Developing an effective loss control plan in any construction or contracting company starts with a critical topic in mind — safety.
No matter if your employees are in the office or on-site, they need to know what the safety policies are and who bears responsibility for what. When all team members are well-voiced in your safety plan, you’ll prevent employee accidents and protect your business from multiple types of financial loss.
Here are some tips on developing an effective loss prevention plan for your construction company.
Before diving into a new or revised safety strategy, review what accidents your company has experienced over the last year — look at accident reports, insurance loss history reports, and internal accident reports to see what you should focus on in a new safety plan. This analysis will help you identify potential hazards that you can develop new procedures for, like specific employee injury accidents (including the type of injury), property damage accidents, and near-miss accidents. If you feel your reports aren’t as in-depth as they should be, change your procedures to ensure that all incident reports are fully documented, logged, and saved correctly.
An effective loss prevention policy for any construction company should center around a comprehensive safety plan. Accidents can result in financial disaster for your company, so the best course of action is to prevent them. After you analyze your accident trends (above), you can hit the ground running on a safety plan. When you’re writing a new safety plan, consider:
A safety plan is essential in protecting both your employees and your business — make it a top priority for your organization to make sure your policies and procedures are consistently up to date.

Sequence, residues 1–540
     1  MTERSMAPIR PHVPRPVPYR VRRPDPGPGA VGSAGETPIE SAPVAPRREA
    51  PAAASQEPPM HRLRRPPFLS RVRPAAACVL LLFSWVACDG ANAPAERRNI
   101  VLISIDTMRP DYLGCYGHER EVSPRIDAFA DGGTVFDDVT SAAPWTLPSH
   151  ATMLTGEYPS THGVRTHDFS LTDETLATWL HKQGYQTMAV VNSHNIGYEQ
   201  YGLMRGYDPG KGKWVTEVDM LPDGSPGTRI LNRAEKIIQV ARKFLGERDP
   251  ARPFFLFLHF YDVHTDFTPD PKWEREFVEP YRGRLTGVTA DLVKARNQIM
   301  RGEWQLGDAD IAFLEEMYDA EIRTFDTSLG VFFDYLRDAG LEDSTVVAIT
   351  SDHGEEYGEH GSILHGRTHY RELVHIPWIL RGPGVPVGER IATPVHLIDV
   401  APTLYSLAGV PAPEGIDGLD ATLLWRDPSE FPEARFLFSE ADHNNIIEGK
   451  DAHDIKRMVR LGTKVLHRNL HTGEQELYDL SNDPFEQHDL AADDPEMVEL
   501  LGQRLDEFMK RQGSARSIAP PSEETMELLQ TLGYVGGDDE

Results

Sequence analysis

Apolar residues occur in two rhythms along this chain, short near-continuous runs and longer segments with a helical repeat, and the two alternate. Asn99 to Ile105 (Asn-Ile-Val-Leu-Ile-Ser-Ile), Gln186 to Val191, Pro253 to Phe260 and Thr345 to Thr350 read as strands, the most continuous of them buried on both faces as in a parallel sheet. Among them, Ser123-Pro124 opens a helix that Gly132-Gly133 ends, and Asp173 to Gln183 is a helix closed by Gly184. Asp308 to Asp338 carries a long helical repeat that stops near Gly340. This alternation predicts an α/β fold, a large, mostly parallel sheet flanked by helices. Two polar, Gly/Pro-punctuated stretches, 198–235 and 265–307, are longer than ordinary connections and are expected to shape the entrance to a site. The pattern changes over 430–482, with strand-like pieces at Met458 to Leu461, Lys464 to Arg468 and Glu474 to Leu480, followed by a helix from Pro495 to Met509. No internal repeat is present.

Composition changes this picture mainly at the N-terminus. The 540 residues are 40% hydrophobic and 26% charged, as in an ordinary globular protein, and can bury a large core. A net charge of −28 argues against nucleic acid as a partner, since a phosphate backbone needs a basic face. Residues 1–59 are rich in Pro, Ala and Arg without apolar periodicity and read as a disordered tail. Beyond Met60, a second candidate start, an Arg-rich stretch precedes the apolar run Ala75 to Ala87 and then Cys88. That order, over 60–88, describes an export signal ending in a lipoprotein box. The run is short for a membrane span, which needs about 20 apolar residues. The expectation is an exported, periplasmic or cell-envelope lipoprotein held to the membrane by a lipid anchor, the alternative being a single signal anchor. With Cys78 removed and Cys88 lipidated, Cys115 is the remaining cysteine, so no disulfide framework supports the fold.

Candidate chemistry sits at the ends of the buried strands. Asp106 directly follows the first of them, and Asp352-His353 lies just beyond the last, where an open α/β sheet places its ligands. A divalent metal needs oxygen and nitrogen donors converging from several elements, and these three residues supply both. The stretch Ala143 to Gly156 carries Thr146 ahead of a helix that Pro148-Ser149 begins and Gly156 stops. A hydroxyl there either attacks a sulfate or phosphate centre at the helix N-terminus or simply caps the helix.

The most important part of a safety plan is making sure employees follow it. The best way to do that is through proper training. Make training mandatory for all new employees, and make sure current employees are always up-to-date on policy changes or new procedures. Consider quarterly training seminars for your entire company to reinforce your safety policies. Types of training to consider include:
You and your management should establish a strategy to ensure accident prevention is communicated company-wide. Any important updates — safety-related or not — should be communicated with the entire company in a newsletter, email, or meeting. If there’s a change to a current policy, the changes should be printed and handed out to each employee. Consider having employees read and return a signed copy stating they read and understand the new policy.
Your employees should always feel safe — whether they’re on the job or need to talk to management about a problem. When you foster an environment where employees can speak freely about when they don’t feel safe or need to report wrongdoing, your business will thrive. Additionally, empower your employees to take charge of a situation or opportunity. Ensure the right people are in the correct position to ensure your business is safe and operational at all times. Some tips on fostering this type of culture include:
Construction insurances will be required for every project you work on, and insurance coverage will vary depending on the type of project it is. In addition to a basic Businessowners' Policy, here are some of the most popular insurance coverage types for retail stores to consider: